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Epidemiology and Mortality-Associated Factors of Invasive Fungal Disease in Elderly Patients: A 20-Year Retrospective Study from Southern China

Authors Gong Y, Li C, Wang C, Li J, Ding M, Chen D, Lao M

Received 12 December 2019

Accepted for publication 19 February 2020

Published 3 March 2020 Volume 2020:13 Pages 711—723

DOI https://doi.org/10.2147/IDR.S242187

Checked for plagiarism Yes

Review by Single-blind

Peer reviewer comments 2

Editor who approved publication: Dr Joachim Wink


Yingying Gong,1,* Chen Li,1,* Cuicui Wang,2,* Jin Li,1 Meilin Ding,1 Dongying Chen,2 Minxi Lao1,2

1Department of Geriatrics, The First Affiliated Hospital of Sun Yat-sen University, Guangzhou, People’s Republic of China; 2Department of Rheumatology, The First Affiliated Hospital of Sun Yat-sen University, Guangzhou, People’s Republic of China

*These authors contributed equally to this work

Correspondence: Minxi Lao
Department of Geriatrics, The First Affiliated Hospital of Sun Yat-Sen University, No. 58, Zhongshan 2nd Road, Guangzhou 510080, People’s Republic of China
Email laomx3@mail.sysu.edu.cn
Dongying Chen
Department of Rheumatology, The First Affiliated Hospital of Sun Yat-sen University, No. 58, Zhongshan 2nd Road, Guangzhou 510080, People’s Republic of China
Email cdongying@163.com

Introduction: Invasive fungal disease (IFD) is a life-threatening infection. The epidemiology and clinical features of IFD in the elderly population are less discussed. The aim of this study was to explore the epidemiology and mortality-associated factors for IFD in the elderly inpatients.
Methods: A retrospective study enrolling 512 elderly inpatients from The First Affiliated Hospital of Sun Yat-sen University during the last two decades was performed.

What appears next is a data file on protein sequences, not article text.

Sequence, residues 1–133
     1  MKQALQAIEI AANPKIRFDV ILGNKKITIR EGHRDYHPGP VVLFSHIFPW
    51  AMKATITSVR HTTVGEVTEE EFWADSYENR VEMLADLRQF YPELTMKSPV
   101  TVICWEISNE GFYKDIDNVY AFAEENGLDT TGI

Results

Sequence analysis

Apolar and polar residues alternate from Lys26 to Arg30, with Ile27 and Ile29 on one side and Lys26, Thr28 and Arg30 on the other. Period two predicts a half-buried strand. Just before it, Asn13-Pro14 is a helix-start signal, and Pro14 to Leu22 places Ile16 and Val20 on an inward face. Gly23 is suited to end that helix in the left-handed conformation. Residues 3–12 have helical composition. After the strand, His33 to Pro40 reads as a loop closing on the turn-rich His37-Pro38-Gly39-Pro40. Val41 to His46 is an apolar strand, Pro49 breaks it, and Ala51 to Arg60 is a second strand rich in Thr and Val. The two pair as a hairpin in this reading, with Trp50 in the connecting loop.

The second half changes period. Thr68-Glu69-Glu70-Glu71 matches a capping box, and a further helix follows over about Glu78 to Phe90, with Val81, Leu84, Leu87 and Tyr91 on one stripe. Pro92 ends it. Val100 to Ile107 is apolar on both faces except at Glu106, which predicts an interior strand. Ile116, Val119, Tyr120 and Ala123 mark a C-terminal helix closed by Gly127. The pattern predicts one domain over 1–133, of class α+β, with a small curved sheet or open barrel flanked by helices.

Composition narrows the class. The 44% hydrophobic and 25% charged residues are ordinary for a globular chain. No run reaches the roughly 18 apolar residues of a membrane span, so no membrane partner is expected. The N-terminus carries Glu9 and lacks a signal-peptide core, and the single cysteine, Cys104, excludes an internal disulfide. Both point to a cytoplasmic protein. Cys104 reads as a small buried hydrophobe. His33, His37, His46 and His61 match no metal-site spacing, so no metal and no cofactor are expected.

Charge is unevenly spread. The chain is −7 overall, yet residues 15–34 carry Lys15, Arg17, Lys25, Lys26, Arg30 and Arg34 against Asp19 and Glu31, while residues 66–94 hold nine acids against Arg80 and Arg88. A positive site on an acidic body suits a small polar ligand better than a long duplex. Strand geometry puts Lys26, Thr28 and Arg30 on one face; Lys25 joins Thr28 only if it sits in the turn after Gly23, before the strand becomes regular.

Results: The annual prevalence of IFD was 0.1– 0.5%. Candidiasis was the most common (236/521, 45.3%). An increasing trend was observed in aspergillosis from 11.1% in year 1998 to 28.8% in year 2018. The common infective sites of candidiasis were abdominal cavity (83/236, 35.2%) and bloodstream (55/236, 23.3%). Invasive aspergillosis mainly developed in the sinus (74/149, 49.7%) and lung (65/149, 43.6%). Patients with diabetes mellitus (DM) (59/126, 46.8%), solid organ malignancy (84/114, 73.7%), chronic kidney disease (CKD) (40/62, 64.5%) or receiving operation (109/147, 74.1%) were prone to develop candidiasis, while aspergillosis was usually complicated in patients with chronic obstructive pulmonary disease (COPD) (25/51, 49.0%). The all-cause mortality rate was 25.9% (135/521), and patients aged ≥ 80 years were the riskiest (20/51, 39.2%). Lymphopenia (59.5% vs 17.3%, P< 0.001) was significant in deceased patients with mold infection. Higher proportion of non-survivors with invasive candidiasis received central venous catheterization (CVC) (68.4% vs 40.6%, P< 0.001) or indwelling urinary catheter (68.4% vs 46.3%, P=0.001).
Conclusion: IFD is a life-threatening complication especially in the oldest-old. Surveillance on lymphopenia, prompt treatment and reduce invasive procedures could benefit the prognosis.

Keywords: invasive fungal disease, elderly, mortality, hypoalbuminemia


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